‘Brooklyn’ a great mix of comedy and action
What do you get when you cross “Parks & Recreation” and “NCIS”? Fox’s newest and brightest comedy, called “Brooklyn Nine-Nine.”
This show follows a diverse group of characters working at a police department in Brooklyn, who know how to have fun in the office, while still taking their duties as police officers very seriously as they investigate crime scenes and chase criminals.
While NBC has always been known as the network of “smart” and satirical comedy, Fox has really stepped up their game over the past couple years to match that. Now, with the “Nine-Nine” on their side, they have the power to surpass NBC.
The beauty of this pilot is that it introduces us to every character and the world around them without making it feel forced. Within the first 10 minutes, I felt as though I’d known these characters for a long time, while still getting the sense that they are fresh. Andy Samberg (“SNL”) plays Detective Jake Peralta.
We are told he is the best in the unit but has yet to grow up or grasp the concept of “serious.” But we don’t want Jake to grow up. The fact that he cracks jokes and brings hilarious physical antics to the department is what makes this show different from all the rest.
Other familiar faces, including Terry Crews and Andre Braugher, keep the plot grounded while adding their own brand of humor. Each character has a different personality and an important role to play in the contrast of the cast, and I can see each one growing over time to have quotes recited by fans for years to come.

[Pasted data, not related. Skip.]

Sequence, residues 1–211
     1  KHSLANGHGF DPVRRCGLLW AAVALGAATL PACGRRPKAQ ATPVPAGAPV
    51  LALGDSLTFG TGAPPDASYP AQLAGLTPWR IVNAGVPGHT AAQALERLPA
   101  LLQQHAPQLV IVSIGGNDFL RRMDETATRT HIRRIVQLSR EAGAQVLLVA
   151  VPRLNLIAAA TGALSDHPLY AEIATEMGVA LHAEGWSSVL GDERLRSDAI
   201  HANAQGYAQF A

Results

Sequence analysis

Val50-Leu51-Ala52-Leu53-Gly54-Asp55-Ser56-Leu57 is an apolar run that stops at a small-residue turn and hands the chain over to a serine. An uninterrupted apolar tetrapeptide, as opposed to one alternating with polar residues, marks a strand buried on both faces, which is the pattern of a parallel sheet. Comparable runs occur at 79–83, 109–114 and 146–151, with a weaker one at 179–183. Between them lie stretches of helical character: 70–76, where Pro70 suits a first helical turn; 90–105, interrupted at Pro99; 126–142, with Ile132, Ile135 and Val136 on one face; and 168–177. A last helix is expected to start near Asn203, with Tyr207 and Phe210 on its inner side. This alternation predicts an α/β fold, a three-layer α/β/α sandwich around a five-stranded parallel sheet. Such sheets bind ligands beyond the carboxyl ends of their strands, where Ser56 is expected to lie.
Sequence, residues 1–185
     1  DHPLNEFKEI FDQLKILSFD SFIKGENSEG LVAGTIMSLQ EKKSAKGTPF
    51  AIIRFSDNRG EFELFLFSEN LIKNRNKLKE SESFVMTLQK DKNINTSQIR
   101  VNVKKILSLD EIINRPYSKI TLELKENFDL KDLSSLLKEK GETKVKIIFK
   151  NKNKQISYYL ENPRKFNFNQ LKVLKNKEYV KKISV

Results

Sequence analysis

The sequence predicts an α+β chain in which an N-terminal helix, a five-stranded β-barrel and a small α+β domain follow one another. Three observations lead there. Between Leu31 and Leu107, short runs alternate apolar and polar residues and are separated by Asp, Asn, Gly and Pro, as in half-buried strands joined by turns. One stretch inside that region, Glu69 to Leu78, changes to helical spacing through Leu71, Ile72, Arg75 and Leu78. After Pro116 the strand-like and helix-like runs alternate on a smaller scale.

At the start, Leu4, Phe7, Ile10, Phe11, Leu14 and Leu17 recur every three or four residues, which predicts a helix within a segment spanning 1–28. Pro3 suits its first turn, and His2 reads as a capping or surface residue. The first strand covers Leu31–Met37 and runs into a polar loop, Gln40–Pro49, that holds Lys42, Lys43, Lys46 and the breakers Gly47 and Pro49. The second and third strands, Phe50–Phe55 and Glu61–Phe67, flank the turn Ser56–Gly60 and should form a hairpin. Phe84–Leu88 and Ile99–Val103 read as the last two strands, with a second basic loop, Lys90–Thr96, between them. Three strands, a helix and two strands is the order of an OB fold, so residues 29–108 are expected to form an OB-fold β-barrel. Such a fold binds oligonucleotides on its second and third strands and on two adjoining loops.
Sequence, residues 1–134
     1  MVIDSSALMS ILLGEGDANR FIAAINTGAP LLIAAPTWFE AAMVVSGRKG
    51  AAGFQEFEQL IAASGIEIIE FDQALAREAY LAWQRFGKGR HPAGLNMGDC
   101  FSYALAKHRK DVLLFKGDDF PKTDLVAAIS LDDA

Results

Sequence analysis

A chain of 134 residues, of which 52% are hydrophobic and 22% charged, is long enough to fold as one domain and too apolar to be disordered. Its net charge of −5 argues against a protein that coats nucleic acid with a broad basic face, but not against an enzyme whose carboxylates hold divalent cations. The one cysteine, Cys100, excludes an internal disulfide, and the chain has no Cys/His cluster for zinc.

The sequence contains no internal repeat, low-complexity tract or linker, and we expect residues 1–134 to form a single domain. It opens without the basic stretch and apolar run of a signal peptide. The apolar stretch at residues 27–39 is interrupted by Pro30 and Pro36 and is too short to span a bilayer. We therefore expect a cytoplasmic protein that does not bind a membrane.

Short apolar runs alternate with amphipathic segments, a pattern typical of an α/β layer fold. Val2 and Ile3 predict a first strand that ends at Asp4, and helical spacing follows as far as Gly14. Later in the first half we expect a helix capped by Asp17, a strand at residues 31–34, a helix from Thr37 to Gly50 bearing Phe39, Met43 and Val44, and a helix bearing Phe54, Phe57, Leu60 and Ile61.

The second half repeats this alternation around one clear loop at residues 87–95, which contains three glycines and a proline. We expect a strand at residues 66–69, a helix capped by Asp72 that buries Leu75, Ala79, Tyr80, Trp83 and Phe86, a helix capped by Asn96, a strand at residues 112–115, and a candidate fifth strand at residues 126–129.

In order for an ensemble like this to work and stay alive in the vast network pool of shows, it has to have great chemistry. Judging by what I saw here, the chemistry is very rich.
“Nine-Nine” also seems to grasp the idea of something I’ve wanted to see in a television show for a long time: the perfect blend between comedy and action. Normally, producers only want to do one genre or the other. You either have a show that’s a strict comedy, or one that focuses on the action.
With most of the scenes in this pilot episode, I was giddy with excitement at how many action scenes were thrown in, and how funny they actually were. There will be a crime of some kind happening in a store or warehouse, but instead of getting all dark and serious, the actors have hilarious conversations and use various props around them to make the scene more engaging.
Even the opening scene makes a play at “cliche cop tropes” to let you know what kind of a show this is the minute you sit down to watch it.
If you love comedies like “Modern Family” or cop shows, but would like them to lighten up a bit and have some fun, this is the perfect show for you — you’ll want to tune in every Tuesday night at 8:30 p.m.
Having only witnessed the pilot episode, I can’t fully promise what the future of the series is going to hold. However, if the clever writing and interplay between these characters are anything like this first episode, then we may be looking at the next great comedy to hit TV.